How many minutes of daylight have we lost since the Summer Solstice?
The Summer Solstice which occurred on Friday, June 21 at 11:54 a.m. This is the longest day of the year in terms of daylight. Here in Columbus we receive 14 hours, 17 minutes and 3 seconds of daylight on that day.
The sun rises at 6:33 a.m. and the sun set at 8:50 p.m. on June 21.
How much daylight have we lost since then?
For Wednesday, August 15, the sun rises in Columbus at 7:03 a.m. and the sun sets at 8:24 p.m. This gives us a total amount of daylight for that day at 13 hours, 20 minutes and 32 seconds. After a few simple math calculations, we have lost a total of 57 minutes to darkness.
This simple calculation can be done for the entire period where we are losing daylight every day until the Winter Solstice, known for being the shortest day of the year.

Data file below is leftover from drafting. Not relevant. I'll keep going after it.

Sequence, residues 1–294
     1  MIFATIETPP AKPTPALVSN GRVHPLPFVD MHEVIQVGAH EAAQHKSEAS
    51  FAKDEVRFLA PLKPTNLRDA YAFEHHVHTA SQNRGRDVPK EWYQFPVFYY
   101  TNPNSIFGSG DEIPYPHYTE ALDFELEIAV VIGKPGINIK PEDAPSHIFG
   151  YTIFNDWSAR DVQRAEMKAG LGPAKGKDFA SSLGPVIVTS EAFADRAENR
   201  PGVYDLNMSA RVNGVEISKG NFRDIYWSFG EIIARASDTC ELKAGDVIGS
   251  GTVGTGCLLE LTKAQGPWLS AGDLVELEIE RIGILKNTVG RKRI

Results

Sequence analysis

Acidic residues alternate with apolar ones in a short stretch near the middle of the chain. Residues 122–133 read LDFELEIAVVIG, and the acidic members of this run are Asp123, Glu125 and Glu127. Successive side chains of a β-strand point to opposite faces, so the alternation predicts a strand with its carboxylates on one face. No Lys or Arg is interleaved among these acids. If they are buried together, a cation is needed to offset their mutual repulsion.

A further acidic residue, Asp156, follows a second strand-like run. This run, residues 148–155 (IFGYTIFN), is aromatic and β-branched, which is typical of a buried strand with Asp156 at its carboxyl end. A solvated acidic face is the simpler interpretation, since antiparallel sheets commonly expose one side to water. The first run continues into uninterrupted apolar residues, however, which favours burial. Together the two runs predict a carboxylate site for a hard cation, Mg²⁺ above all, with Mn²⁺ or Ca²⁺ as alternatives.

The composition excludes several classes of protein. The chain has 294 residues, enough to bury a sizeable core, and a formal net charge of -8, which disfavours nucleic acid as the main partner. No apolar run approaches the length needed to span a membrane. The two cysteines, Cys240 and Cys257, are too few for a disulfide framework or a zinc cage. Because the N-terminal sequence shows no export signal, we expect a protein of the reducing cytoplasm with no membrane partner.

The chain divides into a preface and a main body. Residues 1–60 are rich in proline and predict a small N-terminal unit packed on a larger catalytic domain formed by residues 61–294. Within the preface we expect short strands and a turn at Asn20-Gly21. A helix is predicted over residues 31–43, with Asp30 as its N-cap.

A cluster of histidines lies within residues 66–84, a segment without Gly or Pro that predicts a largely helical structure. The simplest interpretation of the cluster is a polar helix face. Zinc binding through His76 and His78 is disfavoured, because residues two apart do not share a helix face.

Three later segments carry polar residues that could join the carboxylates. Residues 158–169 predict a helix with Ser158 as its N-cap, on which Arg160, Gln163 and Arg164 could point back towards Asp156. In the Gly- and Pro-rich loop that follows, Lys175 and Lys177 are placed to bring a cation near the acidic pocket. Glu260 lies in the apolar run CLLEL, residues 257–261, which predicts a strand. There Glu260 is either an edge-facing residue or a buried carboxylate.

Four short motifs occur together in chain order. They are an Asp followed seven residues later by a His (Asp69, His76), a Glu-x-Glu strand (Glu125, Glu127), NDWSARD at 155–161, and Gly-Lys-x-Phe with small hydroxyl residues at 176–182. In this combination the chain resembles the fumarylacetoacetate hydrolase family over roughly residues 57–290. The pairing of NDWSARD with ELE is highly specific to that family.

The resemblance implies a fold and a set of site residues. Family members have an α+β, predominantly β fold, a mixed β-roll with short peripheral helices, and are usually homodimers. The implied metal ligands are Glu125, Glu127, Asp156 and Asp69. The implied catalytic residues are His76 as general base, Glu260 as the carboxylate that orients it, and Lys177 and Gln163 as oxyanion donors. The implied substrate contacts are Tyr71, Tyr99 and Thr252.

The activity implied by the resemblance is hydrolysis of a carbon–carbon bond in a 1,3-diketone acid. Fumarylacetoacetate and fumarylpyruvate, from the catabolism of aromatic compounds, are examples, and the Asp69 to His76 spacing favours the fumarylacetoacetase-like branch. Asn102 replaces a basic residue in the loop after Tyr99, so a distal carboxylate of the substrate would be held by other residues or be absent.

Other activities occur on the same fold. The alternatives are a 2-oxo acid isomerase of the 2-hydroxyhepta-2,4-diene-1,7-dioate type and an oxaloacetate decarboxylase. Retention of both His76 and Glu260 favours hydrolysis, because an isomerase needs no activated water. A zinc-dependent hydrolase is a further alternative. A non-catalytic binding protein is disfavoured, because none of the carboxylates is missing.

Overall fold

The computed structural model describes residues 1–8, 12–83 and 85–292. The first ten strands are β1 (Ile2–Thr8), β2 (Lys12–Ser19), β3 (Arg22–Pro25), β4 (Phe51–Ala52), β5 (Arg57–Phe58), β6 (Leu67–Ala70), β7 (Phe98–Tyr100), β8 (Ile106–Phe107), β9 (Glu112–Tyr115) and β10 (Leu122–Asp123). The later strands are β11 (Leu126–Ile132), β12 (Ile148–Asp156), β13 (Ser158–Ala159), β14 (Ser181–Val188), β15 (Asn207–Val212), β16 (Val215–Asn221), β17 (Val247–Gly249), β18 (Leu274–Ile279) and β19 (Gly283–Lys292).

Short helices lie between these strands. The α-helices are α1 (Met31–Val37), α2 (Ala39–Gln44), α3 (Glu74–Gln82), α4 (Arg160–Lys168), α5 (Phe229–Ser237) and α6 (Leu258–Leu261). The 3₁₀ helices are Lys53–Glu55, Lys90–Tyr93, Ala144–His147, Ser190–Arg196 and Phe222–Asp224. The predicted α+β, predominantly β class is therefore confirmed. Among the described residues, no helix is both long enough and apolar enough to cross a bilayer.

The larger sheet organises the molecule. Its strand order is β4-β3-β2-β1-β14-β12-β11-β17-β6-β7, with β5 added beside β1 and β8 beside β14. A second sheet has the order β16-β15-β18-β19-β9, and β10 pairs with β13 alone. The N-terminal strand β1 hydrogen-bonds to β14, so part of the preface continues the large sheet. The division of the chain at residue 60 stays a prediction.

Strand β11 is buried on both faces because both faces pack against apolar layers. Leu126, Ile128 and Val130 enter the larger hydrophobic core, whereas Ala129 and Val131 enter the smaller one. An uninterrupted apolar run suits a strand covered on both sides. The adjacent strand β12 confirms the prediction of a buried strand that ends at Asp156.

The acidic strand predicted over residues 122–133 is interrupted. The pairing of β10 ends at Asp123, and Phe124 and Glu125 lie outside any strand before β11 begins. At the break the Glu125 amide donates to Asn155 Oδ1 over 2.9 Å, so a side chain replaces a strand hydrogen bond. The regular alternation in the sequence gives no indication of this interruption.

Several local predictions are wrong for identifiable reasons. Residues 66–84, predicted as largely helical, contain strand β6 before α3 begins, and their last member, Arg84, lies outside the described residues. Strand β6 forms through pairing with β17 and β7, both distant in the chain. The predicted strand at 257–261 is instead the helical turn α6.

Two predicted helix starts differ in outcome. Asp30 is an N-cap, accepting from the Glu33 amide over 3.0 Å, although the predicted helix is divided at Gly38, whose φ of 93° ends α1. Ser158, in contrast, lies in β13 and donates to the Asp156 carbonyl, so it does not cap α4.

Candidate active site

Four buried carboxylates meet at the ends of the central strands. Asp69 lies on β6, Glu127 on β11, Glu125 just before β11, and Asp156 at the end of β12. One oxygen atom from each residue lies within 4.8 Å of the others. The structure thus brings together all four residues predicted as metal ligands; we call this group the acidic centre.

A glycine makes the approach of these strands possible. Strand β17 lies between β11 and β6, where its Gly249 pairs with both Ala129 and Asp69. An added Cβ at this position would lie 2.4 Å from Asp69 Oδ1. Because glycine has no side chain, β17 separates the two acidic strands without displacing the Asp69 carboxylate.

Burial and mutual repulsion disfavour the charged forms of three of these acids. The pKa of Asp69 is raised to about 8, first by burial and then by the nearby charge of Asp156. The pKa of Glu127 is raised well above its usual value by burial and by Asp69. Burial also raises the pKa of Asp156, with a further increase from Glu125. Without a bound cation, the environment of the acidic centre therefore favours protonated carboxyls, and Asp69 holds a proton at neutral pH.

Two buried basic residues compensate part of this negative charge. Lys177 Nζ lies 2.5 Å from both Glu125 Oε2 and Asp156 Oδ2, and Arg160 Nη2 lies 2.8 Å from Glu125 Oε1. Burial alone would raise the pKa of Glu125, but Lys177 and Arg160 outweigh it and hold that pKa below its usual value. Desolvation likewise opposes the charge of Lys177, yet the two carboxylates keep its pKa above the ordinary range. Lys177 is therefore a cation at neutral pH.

Taking data from June 21 again, the amount of daylight we receive is 14 hours, 17 minutes and 3 seconds.
For the Winter Solstice, which occurs Friday, December 21 at 5:23 p.m. we receive a total amount of daylight at 10 hours, 1 minute and 5 seconds.
Calculating that, from the start of summer to the start of winter, here in Columbus we lose 256 minutes (4 hours and 16 minutes) to darkness over this period from June to December.
During the months of September and October we are constantly losing roughly 2 minutes per day as we near the Autumnal Equinox which we receive “equal” amount of daylight and darkness.
You might ask yourself, how does Daylight Saving Time play a role into this? While Daylight Saving Time ends on Sunday, November 4 it doesn’t effect the amount of daylight.
Daylight Saving Time only changes the time at which the sun will rise and set by falling back an hour. The amount of daylight is unchanged; however, with the change in time more light will be available in the morning.